Unemployment rose by 0.1% to 3.7% in the three months to October, according to the latest overview of the UK labour market from the Office for National Statistics. Rising unemployment can be a sign of a recession, which the UK is currently experiencing.
But it’s worth noting there was also an increase in people looking for employment, particularly among those aged 50 to 64.
Subscribe to MoneyWeek
Subscribe to MoneyWeek today and get your first six magazine issues absolutely FREE
Taking a look at the unemployment figures
The economic inactivity rate decreased 0.2% in the quarter, to 21.5%, as retirees went back to work in the face of rising energy costs and growing inflation, which is currently at a 41-year high of 11.1%.
“More people are leaving the inactive masses, clearly keen to earn extra money as the cost-of-living crisis intensifies but the overall rate remains stubbornly high,” says Susannah Streeter, senior investment and markets analyst at Hargreaves Lansdown.
The number of vacancies fell by 65,000 in September to November, the fifth consecutive quarterly fall. But at 1,187,000, the number of vacancies still remains at a historically high level.
Private sector wages increased by 6.9% from August to October 2022, which might also incentivise some to return to work. However, the public sector only saw growth of 2.7%. The gap is among the widest seen between the private and public sector.
When adjusted for inflation, pay fell by 2.7%. While it’s slightly lower than the record fall of 3% in the April to June period, it’s still among the biggest falls in growth since records began.
Why rising unemployment could be good news
Over the past two years, the UK economy has been hamstrung by a lack of workers with the number of job vacancies surpassing the number of jobseekers.
With companies fighting over workers, there’s also been upward pressure on wages, which has helped fuel inflation (that’s if businesses can even find workers in the first place).
While the number of workers in the economy has risen since the end of the pandemic, the percentage of people working has remained stubbornly below 2019’s figure.
The so-called economic inactivity rate refers to individuals who are not participating in the labour force, either by working or looking for work. This can happen for a variety of reasons, including retirement, illness, or staying at home to take care of children or other family members.
Economic inactivity can also occur when individuals are unable to find work, either due to a lack of available jobs or because they lack the skills or experience needed to secure employment.
Analysts reckon that as many as 200,000 workers have left the labour force due to healthcare concerns, primarily due to the effects of long-Covid, since 2019.
However, with an increasing number of those who’d previously left the workforce now looking to return, this could be good news for the UK economy.
Indeed, earlier this year the Recruitment and Employment Confederation said the UK’s labour shortages could cost the country as much as £30bn a year in lost economic output.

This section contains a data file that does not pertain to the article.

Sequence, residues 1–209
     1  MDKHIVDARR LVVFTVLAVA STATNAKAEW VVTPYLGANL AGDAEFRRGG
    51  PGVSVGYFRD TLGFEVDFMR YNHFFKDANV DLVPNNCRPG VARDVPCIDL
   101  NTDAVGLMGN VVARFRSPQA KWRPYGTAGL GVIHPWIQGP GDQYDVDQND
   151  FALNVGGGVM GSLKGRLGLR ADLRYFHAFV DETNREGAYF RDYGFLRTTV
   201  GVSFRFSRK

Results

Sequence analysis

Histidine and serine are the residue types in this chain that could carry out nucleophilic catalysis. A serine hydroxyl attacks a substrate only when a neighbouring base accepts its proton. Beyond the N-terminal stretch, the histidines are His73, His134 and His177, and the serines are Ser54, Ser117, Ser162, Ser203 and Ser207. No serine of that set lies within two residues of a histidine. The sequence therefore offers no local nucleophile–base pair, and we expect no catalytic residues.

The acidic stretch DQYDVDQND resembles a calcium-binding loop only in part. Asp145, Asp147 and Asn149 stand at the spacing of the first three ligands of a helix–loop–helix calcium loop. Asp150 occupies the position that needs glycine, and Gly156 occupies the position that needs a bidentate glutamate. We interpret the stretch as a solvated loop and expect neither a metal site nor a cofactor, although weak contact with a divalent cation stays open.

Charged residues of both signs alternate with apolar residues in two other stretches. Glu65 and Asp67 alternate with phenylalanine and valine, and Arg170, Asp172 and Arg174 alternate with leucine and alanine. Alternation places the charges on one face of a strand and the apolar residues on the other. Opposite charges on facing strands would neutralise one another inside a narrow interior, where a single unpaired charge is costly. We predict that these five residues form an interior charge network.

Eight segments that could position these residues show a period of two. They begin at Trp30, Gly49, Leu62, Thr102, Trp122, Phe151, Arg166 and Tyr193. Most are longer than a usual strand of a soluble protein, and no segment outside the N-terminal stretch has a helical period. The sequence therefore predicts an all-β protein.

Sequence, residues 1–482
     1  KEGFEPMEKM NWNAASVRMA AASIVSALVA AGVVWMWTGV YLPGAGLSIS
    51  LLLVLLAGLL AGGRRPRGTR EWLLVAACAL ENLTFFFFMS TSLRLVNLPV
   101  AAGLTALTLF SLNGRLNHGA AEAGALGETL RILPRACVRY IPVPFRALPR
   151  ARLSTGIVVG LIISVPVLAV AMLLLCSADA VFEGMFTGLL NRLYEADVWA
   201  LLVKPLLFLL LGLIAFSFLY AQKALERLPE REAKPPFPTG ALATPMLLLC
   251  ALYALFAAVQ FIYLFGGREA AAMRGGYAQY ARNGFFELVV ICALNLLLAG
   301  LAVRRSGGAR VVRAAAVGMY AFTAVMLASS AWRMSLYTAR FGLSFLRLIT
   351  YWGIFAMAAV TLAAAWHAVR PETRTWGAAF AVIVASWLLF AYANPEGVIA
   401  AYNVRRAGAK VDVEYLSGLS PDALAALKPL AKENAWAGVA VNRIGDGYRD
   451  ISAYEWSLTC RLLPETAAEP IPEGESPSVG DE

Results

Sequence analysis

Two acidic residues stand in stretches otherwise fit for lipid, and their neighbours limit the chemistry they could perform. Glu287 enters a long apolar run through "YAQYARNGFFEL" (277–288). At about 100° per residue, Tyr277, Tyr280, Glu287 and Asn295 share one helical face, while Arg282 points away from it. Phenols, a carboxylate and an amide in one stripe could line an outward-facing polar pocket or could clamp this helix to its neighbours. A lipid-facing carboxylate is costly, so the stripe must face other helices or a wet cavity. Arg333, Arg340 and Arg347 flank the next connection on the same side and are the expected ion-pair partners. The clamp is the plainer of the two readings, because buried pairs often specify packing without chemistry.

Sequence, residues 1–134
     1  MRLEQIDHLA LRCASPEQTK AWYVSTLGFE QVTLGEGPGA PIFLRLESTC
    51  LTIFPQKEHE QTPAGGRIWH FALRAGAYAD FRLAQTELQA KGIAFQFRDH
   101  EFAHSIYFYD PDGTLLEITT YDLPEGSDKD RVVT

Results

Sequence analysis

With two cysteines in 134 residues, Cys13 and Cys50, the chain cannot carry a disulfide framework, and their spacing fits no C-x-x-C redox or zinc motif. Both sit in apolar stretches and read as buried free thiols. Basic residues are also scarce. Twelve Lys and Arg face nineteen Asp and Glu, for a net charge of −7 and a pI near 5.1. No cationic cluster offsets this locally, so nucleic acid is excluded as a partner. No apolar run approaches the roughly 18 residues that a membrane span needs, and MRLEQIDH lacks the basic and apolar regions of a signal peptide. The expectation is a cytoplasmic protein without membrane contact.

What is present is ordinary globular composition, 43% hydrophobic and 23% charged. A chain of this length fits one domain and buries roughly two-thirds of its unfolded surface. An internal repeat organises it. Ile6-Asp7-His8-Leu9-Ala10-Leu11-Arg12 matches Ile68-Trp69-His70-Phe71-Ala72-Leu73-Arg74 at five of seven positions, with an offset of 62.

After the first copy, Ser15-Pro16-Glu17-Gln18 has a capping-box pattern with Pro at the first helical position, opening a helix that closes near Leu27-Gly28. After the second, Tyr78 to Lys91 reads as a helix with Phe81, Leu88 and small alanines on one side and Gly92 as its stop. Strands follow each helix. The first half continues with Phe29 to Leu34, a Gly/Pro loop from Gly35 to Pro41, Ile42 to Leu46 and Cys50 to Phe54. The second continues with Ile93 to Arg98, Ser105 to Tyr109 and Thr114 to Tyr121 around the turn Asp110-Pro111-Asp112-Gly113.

A shortage of workers in the economy has weighed on business activity over the last 12 months, but some workers now coming out of retirement these pressures might ease.
By Nicole García Mérida with additional contributions from Rupert Hargreaves.
Nic studied for a BA in journalism at Cardiff University, and has an MA in magazine journalism from City University. She joined MoneyWeek in 2019.
House prices are falling in London but how does it compare to the rest of the UK?
Advice The capital remains the most expensive part of the UK to buy a property, but it isn’t being as badly hit by the housing market slump. Where are London house prices heading?
By Marc Shoffman Published
Will a Santa Rally provide festive cheer for investors this year?
News Equities often get a seasonal boost during December - will there be a Santa Rally in 2023?
By Marc Shoffman Published
UK wages grow at a record pace
The latest UK wages data will add pressure on the BoE to push interest rates even higher.
By Nicole García Mérida Published
Trapped in a time of zombie government
It’s not just companies that are eking out an existence, says Max King. The state is in the twilight zone too.
By Max King Published
America is in deep denial over debt
The downgrade in America’s credit rating was much criticised by the US government, says Alex Rankine. But was it a long time coming?
By Alex Rankine Published
UK economy avoids stagnation with surprise growth
Gross domestic product increased by 0.2% in the second quarter and by 0.5% in June
By Pedro Gonçalves Published
Bank of England raises interest rates to 5.25%
The Bank has hiked rates from 5% to 5.25%, marking the 14th increase in a row. We explain what it means for savers and homeowners - and whether more rate rises are on the horizon
By Ruth Emery Published
UK wage growth hits a record high
Stubborn inflation fuels wage growth, hitting a 20-year record high. But unemployment jumps
By Vaishali Varu Published
UK inflation remains at 8.7% ‒ what it means for your money
Inflation was unmoved at 8.7% in the 12 months to May. What does this ‘sticky’ rate of inflation mean for your money?
By John Fitzsimons Published
VICE bankruptcy: how did it happen?
Was the VICE bankruptcy inevitable? We look into how the once multibillion-dollar came crashing down.
By Jane Lewis Published